Beginning July 1, employees who wish to use their Thrift Savings Plan accounts as a source of loans will face new fees and restrictions.

Currently, there are two types of loans available to TSP participants — general-purpose and residential loans. General-purpose loans may be taken for any reason and must be repaid within five years. Residential loans may be taken only to purchase a primary residence and must be repaid within 15 years.

The minimum loan amount is $1,000. The maximum is $50,000, except under no circumstances may you borrow more than the balance of your own contributions plus their earnings.

You are required to repay the loan through payroll deduction according to a schedule you agree to when you take the loan, up to the maximum time allowed. The interest you pay is fixed at the rate of return on the G Fund at the time TSP receives your loan request. As of June 7, that rate was 4.625 percent. You may prepay the loan balance at any time without penalty.

Effective July 1, participants will pay a processing fee of $50 for each loan they initiate. Each participant will be limited to one general-purpose and one residential loan outstanding at any given time. Participants no longer will be able to have two general-purpose loans at one time. And, after repaying a loan, the participant must wait 60 days before initiating another loan.

These new provisions are designed to shift the cost of administering loans to those who use them and to reduce the volume of loan activity in TSP accounts.


In spite of the new restrictions, there may be advantages to borrowing from your TSP account over other sources:

  • Taking a TSP loan is convenient and requires relatively little paperwork.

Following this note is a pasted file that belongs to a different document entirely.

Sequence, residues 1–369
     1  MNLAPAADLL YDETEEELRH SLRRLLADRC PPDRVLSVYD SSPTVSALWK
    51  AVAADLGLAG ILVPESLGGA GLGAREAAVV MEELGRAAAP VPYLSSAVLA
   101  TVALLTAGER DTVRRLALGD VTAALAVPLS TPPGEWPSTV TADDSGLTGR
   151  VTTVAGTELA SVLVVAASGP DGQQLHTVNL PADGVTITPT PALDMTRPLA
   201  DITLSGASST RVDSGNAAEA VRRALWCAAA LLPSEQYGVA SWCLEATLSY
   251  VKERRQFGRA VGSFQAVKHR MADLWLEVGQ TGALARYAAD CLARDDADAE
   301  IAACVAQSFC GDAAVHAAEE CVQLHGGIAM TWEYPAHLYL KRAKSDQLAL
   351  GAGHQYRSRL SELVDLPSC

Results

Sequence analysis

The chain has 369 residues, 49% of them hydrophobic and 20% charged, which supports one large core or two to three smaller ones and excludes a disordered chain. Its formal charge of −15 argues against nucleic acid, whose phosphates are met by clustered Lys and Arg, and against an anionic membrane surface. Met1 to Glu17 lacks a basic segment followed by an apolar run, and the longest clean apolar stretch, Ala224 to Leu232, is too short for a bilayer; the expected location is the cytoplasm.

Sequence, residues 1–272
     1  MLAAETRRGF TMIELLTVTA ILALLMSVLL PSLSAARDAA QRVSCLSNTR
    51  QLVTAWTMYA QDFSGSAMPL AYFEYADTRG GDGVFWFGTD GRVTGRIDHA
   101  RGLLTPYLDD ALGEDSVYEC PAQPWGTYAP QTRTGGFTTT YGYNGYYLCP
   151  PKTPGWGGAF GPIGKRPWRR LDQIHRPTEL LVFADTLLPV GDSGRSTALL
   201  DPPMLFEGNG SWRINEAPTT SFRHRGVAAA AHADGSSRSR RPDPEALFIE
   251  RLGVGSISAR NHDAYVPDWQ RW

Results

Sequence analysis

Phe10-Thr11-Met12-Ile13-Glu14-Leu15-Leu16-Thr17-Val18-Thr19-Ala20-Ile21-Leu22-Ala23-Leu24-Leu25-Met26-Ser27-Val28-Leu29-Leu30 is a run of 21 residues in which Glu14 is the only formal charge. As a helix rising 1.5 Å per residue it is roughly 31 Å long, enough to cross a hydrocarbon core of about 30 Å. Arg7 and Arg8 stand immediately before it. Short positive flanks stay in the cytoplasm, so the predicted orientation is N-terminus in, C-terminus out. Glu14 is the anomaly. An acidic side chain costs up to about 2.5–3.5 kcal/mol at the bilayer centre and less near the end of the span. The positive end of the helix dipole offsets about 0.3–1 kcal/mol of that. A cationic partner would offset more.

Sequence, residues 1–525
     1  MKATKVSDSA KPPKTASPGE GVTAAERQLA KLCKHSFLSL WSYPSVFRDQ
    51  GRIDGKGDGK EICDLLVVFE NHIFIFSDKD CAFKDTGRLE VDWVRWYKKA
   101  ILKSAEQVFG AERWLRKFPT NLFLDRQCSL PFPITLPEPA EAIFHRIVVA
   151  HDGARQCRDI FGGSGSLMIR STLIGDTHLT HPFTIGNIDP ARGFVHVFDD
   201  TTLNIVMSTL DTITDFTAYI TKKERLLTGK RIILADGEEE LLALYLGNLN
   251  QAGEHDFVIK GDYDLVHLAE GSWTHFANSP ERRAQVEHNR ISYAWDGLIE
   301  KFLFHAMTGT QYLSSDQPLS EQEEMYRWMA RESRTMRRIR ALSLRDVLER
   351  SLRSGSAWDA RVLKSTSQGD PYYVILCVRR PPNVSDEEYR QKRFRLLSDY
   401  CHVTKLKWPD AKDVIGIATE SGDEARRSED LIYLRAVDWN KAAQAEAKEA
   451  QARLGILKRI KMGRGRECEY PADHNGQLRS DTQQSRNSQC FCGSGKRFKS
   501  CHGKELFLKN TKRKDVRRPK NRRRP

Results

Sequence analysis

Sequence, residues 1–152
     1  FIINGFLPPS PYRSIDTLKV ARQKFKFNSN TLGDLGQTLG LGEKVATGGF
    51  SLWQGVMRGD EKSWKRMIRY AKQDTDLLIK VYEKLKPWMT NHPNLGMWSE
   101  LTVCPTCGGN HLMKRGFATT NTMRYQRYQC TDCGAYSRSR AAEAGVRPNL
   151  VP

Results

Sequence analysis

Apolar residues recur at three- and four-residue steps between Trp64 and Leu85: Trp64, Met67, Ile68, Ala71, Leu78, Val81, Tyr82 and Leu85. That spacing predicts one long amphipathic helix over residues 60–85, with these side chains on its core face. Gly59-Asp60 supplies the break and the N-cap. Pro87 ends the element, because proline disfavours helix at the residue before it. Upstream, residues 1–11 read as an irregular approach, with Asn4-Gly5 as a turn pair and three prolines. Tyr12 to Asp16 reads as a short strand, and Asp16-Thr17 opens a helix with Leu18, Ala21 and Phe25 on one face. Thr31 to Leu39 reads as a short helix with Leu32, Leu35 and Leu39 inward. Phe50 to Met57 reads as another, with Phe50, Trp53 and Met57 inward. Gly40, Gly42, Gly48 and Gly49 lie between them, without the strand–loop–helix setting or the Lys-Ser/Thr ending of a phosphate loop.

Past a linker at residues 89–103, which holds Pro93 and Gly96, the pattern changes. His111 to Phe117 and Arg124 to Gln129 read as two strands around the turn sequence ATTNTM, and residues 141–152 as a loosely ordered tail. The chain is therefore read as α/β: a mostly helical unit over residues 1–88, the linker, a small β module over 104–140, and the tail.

• The cost to process the loan is low for larger loan amounts.
  • You don’t have to qualify — you need only to have eligible assets sufficient to fund the loan.
  • You pay a relatively low interest rate, and you pay that interest to yourself.
  • As long as you keep your job, you will automatically repay the loan over a fixed period through payroll deduction.
  • You may pay off your loan early without penalty, at your option.


But, there are also important reasons to avoid borrowing from your TSP account:

  • You must repay the loan in full within 90 days of separation from service, or the balance due will be declared a distribution subject to tax.
  • When you borrow from your TSP account, your account balance is reduced by the amount of the loan plus processing fee. This money is taken from each fund held in your account in proportion to the funds’ relative weight in the account. While the money is out on loan to you, it is earning the rate of return generated by the G Fund at the time you took the loan. So, you may be exchanging higher returns on your money for lower returns. The longer the term of the loan, the more pronounced will be the effect on the value of your account.
  • Making payments against your loan may divert resources that you would have contributed to your account had you not taken the loan. This can be a significant setback to your account on its own, but the damage is compounded if you also miss out on the opportunity to earn matching contributions.
  • The interest you pay on a TSP loan is not tax deductible, even if used to buy a home, so the after-tax cost of a TSP loan might actually be higher than the cost of mortgage or home equity debt.
  • The new processing fee may be a relatively large expense for smaller loans.
  • The TSP repayment requirements are less flexible than the various options available on the private market. For example, TSP does not offer repayment terms longer than 15 years, variable interest rates or balloon loans.

Before you decide to borrow money from your TSP account, you should carefully consider the risks. You may wish to consider one or more of the following alternatives:

  • Could you borrow the money from family members or friends under attractive terms?
  • Do you have access to low-cost consumer credit, such as bank lines or promotional credit card offers?
  • Could you take a home equity loan, establish a home equity line of credit or refinance your mortgage and take cash out?
  • Do you have sufficient assets in taxable personal savings, or could you delay the need for funds until you save the money — without reducing your TSP contributions?

Written by Mike Miles
For the Federal Times
Publication June 14, 2004